Anne Tyler’s Searching for Caleb is a lot of fun. She expertly handles all the peculiarities and foibles one can imagine in an overly eccentric family. Try any of her novels, and you will be hooked as I am. 5 stars.
Friday, January 02, 2015
Mary Oliver is quickly becoming one of my favorite poets. Her latest collection, Blue Horses, pleases the eye and ear every bit as much as all of her previous works I have read.
As is true of many of her poems, Oliver focuses on nature. The selections in this collection, however, seem quite a bit more philosophical than most of the others I have experienced. For example, the first poem in the collection combines these two ideas. In “After Reading Lucretius, I Go to the Pond,” Oliver writes, “The slippery green frog / that went to his death / in the heron’s pink throat / was my small brother, // and the heron / with the white plumes / like a crown on his heard / who is washing now his great sword-beak / in the shining pond / is my tall brother. // My heart dresses in black / and dances” (1).
I also love the humor in her poems, particularly “First Yoga Lesson.” “‘Be a lotus in the pond,’” she said, “‘opening / slowly, no single energy tugging / against another but peacefully, / all together’.” // I couldn’t even touch my toes. / “‘Feel your quadriceps stretching?’” she asked. / Well, something was certainly stretching. // Standing impressively upright, she / raised one leg and placed it against / the other, then lifted her arms and / shook her hands like leaves. “Be a tree,’” she said. // I lay on the floor, exhausted. / But to be a lotus in the pond / opening slowly, and very slowly rising -- / that I could do” (7).
As always, Oliver’s poems contain vivid images, which take the reader onto the floor, on a mat, stretching. She accomplishes this feat over and over with the plainest of language. I can’t get enough of her way with words.
When I found Blue Horses, I noticed a slim volume by Oliver nearby: A Poetry Handbook. I am so sorry I missed this explication of all the intricacies of poetry originally published in 1994. I recommend this slim volume for anyone interested in poetry. I found her Introduction highly informative. Here a few random paragraphs. Oliver writes, “Everyone knows that poets are born and not made in school. This is true also of painters, sculptors, and musicians. Something that is essential can’t be taught; it can only be given, or earned, or formulated in a manner too mysterious to be picked apart and redesigned for the next person. // Still, painters, sculptors, and musicians require a lively acquaintance with the history of their particular field and with past as well as current theories and techniques. And the same is true of poets. Whatever can’t be taught, there is a great deal that can, and must be learned.”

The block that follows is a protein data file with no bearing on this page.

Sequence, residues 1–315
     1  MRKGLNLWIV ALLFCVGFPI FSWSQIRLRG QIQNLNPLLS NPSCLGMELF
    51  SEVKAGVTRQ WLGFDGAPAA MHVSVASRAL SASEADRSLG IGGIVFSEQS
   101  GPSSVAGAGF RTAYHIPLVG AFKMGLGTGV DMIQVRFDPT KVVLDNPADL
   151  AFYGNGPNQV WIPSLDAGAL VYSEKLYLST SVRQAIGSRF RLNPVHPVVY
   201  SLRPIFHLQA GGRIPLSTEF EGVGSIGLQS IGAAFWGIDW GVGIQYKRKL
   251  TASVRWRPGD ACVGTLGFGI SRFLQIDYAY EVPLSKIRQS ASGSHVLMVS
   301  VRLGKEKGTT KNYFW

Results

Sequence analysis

Oliver says she wrote this book, “in an effort to give the student a variety of technical skills -- that is options. It is written to empower the beginning writer who stands between two marvelous and complex things – an experience (or an idea or a feeling), and the urge to tell about it in the best possible conjunction of words.
Just a smidgeon over 200 pages, these two works by Mary Oliver – Blue Horses: Poems and A Poetry Handbook – are excellent starting points for those curious about what makes a poem a poem and handy guides for those who want to sharpen their skills. Both 5 stars